How many 30-second ads can you make out of his own words?

A Fast Climber Who Has Made Some Enemies (Vernon Loeb, September 17, 2003, Washington Post)

[H]aving risen to command the North Atlantic Treaty Organization as supreme allied commander Europe, Clark held the fractious, 19-member military alliance together through 78 days of bombing and led NATO to victory, driving Yugoslav President Slobodan Milosevic and his Serb forces from the province of Kosovo.

But Clark's hard-charging style, his penchant for dealing directly with the White House and his ceaseless agitation for ground forces during the Kosovo conflict -- over the wishes of Defense Secretary William S. Cohen -- caught up with him a month after the end of the war. In July 2000, while dining with the president of Lithuania in London, Clark was called by Gen. Henry H. Shelton, chairman of the Joint Chiefs of Staff, who curtly informed him that Cohen had decided to ease him out of his NATO command. The call stunned Clark. It meant he would have to leave his NATO post three months earlier than scheduled and without a year's extension, which he had expected.

Clark had clashes outside the administration as well. In the war's immediate aftermath, when a contingent of Russian troops moved quickly into Kosovo and occupied the airfield at Pristina, the provincial capital, a British officer, Lt. Gen. Michael Jackson, refused a direct order from Clark to block the runway so the Russians could not fly in reinforcements.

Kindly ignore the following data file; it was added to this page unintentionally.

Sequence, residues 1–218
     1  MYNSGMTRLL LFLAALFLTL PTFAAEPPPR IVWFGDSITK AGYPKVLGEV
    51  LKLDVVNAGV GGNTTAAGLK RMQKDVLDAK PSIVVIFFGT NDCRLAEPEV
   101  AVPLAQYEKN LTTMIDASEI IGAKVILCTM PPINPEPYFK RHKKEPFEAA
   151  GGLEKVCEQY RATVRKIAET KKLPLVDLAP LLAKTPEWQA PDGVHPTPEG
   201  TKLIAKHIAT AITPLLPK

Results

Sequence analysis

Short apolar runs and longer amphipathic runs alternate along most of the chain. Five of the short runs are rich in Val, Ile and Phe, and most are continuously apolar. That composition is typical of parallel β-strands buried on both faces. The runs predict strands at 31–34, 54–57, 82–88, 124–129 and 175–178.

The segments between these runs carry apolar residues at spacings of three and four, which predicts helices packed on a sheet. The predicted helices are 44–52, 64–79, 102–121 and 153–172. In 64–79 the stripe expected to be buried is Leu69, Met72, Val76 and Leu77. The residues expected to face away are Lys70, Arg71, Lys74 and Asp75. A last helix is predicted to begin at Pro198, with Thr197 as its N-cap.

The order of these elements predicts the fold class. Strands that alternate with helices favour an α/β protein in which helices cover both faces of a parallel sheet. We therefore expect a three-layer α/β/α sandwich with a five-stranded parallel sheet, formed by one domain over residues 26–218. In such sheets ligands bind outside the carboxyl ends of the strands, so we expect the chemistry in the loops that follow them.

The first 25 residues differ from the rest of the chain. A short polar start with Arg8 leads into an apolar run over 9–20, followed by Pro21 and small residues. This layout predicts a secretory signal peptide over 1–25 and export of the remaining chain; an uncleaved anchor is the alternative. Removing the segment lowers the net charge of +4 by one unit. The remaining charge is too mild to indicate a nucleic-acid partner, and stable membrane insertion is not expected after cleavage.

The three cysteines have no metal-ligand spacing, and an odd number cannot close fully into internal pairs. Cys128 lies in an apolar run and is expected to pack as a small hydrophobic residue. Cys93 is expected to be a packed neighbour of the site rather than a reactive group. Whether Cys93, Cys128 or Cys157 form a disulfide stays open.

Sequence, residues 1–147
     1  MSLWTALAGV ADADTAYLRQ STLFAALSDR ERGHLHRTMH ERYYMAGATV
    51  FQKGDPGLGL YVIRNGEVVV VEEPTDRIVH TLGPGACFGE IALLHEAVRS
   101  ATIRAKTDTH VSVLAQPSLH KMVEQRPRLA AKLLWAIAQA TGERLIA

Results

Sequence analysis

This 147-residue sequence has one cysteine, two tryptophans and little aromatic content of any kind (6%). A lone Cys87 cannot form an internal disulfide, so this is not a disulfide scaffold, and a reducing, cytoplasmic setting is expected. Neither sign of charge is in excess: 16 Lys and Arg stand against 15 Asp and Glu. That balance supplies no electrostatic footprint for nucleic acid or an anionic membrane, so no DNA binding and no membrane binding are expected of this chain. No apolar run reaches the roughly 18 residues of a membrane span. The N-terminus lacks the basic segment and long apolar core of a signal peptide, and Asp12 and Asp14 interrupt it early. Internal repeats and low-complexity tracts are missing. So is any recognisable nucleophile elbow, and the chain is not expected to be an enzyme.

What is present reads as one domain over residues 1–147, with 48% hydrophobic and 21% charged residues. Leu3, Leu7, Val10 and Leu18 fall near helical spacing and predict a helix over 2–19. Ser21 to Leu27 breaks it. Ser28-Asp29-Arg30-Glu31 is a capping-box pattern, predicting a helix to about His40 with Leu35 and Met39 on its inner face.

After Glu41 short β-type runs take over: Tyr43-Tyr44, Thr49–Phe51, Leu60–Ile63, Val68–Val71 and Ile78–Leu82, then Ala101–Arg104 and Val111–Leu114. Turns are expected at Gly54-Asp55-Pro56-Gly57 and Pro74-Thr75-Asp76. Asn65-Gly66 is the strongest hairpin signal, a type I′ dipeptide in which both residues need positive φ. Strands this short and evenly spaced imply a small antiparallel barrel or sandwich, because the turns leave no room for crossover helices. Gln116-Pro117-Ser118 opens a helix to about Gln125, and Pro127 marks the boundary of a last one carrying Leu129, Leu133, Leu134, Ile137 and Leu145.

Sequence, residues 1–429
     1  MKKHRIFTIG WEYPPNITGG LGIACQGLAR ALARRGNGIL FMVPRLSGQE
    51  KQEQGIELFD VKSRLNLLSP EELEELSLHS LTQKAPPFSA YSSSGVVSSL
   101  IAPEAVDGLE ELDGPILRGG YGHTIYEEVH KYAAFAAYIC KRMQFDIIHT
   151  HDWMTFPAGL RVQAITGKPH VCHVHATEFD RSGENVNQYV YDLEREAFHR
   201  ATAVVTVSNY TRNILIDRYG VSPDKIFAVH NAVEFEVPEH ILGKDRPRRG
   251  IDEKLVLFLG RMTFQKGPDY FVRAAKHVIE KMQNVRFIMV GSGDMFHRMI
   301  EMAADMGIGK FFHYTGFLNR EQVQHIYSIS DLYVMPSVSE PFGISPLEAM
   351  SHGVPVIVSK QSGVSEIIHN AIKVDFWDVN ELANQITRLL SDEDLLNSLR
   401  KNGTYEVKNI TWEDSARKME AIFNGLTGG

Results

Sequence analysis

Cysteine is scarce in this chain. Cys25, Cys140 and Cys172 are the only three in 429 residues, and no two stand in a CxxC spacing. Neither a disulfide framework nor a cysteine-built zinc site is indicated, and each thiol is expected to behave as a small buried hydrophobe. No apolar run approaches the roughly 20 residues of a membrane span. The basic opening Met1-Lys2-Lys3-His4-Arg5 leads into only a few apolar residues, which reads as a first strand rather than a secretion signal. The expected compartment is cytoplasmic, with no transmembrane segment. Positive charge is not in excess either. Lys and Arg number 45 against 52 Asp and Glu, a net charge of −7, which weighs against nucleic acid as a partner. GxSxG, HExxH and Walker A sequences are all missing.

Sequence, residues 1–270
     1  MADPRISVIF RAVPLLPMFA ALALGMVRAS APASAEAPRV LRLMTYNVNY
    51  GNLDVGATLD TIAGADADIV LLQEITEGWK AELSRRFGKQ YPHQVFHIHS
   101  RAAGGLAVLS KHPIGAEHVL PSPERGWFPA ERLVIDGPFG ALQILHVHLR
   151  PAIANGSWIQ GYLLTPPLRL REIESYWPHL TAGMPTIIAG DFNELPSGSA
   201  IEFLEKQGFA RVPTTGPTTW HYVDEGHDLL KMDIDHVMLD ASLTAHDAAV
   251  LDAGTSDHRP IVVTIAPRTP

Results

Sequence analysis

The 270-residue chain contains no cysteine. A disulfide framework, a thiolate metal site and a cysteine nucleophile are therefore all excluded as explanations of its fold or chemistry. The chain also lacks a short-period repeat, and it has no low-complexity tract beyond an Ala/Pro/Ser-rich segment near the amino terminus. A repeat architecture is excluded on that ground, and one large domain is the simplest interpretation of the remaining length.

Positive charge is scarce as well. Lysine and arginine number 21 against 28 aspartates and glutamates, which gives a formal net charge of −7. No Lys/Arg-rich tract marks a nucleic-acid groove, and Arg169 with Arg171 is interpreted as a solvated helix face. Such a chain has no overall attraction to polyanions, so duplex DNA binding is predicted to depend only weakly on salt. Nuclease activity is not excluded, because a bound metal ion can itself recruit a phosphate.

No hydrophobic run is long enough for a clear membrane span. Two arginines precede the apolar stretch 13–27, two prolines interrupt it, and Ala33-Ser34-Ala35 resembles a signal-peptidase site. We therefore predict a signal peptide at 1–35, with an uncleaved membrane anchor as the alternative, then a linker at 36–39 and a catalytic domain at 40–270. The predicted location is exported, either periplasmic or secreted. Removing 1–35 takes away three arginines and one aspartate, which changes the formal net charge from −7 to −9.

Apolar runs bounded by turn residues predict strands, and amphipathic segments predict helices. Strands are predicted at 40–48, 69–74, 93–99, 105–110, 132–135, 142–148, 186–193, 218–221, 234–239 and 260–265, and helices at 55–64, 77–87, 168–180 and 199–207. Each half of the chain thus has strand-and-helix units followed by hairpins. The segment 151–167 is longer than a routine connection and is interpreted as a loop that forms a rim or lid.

Clark, who believed additional Russian troops could have led to a confrontation with NATO and possibly jeopardized the nascent allied peacekeeping mission, insisted. But Jackson stood firm, believing the Russians were isolated at the airfield and did not represent a threat. "Sir, I'm not starting World War III for you," Jackson replied.

Though Mr. Clark deserves every bit of what's about to hit him, just think of how it's going to look when the other Democratic contenders--whose chief task is to convince voters that they can handle national security in these troubled times--start chewing up and spitting out a four-star general. All it will do is confirm their image as the anti-military party.

Posted by Orrin Judd at September 17, 2003 8:00 PM

There's an interesting read as well in the new Atlantic:

Posted by: kevin whited at September 17, 2003 8:47 PM

What does Bush's going AWOL from a string-pulled armchair Nat. Guard position to dodge a drug test say about the Republican Party. Does this confirm any image? DeLay? Cheney? Sounds like Chickenhawk Central to me.

Posted by: Jimmy at September 18, 2003 3:18 PM

Sounds smart to me. Bush can't be both a moron and brilliant enough to pull that off.

Posted by: oj at September 18, 2003 3:33 PM

We need an anti-military party.
Although I'm a big fan of the military itself, and love what US military might could accomplish, the Pentagon is a den of inequity, and sometimes outright evil.

The big evil things that the Pentagon has done are well known, but one lesser known example is the secret nuclear reactors that were set up in California during the 50s. One, just a few tens of miles from LA, melted down, releasing quite a bit of radioactive gas.

Placing an experimental nuclear reactor near the US' second largest city ? What in the world were they thinking ?

Posted by: Michael Herdegen at September 19, 2003 7:10 AM

That LA is expendable?

Posted by: oj at September 19, 2003 9:18 AM